You’ve heard the point shooting debate and debacle before, and this piece follows that tradition. However, instead of debating the merits or dangers in practicing this shooting technique in anticipation of a lethal encounter, this article aims to look at the simple realities of point shooting: the dos and the don’ts along with the whys and why nots and in particular few point shooting (a.k.a. natural or instinctive shooting) axioms worth remembering. First:
If your target/threat is within 3 yards, there’s a good chance a point and shoot method is the best method. In fact, compressed or close-in weapon retention-style techniques don’t even have the shooter use the sights at all. When it comes to shooting a target/threat at a farther distance, point shootings success rate starts to fall off the farther you get until it eventually the technique becomes worthless at consistently hitting a mark.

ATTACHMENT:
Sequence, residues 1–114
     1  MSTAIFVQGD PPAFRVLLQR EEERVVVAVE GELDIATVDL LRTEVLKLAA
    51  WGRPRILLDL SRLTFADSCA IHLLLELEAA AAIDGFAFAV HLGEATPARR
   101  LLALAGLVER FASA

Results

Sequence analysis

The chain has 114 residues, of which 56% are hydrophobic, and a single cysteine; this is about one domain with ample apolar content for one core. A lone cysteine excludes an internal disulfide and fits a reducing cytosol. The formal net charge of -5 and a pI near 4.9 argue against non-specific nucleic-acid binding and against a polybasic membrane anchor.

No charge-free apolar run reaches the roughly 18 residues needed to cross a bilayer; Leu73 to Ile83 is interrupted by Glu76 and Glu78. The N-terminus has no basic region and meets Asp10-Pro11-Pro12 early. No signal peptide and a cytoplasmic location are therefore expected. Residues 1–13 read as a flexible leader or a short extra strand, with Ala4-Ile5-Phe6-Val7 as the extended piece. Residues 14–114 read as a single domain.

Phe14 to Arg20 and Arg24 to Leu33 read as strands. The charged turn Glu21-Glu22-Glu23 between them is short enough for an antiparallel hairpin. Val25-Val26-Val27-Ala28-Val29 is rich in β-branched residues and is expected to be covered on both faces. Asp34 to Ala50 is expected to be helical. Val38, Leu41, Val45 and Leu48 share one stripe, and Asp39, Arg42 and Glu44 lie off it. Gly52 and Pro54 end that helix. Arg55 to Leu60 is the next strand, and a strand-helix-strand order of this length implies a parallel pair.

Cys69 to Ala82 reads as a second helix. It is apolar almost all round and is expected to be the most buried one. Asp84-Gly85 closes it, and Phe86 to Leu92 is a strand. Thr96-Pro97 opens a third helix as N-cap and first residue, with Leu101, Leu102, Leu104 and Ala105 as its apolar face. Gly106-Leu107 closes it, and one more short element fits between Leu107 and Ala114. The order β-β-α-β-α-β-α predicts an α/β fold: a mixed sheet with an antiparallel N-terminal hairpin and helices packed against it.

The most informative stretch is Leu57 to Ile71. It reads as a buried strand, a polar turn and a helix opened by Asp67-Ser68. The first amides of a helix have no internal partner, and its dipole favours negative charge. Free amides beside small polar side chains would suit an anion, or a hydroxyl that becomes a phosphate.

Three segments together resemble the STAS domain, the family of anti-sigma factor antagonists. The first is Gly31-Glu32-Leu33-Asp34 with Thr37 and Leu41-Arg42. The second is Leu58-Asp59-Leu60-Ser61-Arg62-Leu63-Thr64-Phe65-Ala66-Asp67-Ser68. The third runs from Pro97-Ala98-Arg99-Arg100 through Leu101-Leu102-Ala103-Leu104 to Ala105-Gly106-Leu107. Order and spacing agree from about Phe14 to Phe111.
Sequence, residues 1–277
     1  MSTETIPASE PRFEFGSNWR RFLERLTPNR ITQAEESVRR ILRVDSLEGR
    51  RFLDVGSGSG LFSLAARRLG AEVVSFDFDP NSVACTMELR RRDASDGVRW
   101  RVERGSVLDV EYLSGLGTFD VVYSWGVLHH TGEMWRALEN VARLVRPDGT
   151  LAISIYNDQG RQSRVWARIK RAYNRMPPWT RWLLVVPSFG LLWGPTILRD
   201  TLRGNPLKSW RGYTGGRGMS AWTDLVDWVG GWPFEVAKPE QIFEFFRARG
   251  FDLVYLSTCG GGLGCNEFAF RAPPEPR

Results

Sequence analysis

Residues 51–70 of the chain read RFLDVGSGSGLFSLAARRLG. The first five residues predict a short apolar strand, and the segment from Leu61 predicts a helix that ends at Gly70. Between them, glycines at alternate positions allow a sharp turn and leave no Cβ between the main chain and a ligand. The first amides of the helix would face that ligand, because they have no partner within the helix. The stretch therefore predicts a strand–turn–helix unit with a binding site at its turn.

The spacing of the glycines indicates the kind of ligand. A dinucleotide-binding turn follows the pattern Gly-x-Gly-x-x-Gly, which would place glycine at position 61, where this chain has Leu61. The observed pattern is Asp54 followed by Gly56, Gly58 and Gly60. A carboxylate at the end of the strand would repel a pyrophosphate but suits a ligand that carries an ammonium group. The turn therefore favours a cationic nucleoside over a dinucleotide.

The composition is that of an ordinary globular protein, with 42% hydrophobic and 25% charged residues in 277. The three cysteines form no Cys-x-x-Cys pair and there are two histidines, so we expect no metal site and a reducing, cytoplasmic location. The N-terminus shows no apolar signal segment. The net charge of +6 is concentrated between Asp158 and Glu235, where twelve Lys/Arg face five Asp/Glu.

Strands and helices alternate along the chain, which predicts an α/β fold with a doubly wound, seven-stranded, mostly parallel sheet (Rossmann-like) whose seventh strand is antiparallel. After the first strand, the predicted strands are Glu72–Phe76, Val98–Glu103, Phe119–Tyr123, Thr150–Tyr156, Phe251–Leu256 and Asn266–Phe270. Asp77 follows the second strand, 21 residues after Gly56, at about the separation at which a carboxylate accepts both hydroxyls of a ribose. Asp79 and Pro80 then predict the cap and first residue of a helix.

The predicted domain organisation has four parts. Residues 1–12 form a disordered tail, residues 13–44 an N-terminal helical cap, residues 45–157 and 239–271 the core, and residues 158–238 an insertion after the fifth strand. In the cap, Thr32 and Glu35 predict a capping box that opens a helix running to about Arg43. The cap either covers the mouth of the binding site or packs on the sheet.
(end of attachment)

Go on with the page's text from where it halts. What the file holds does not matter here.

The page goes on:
This is a relative point though because the distance where that success rate starts to fall off is dependent on your proficiency as a shooter. This underlines the fact that though distance matters when it comes to point shooting, point shooting’s effectiveness isn’t governed by distance since there are other things to consider as well, like accuracy.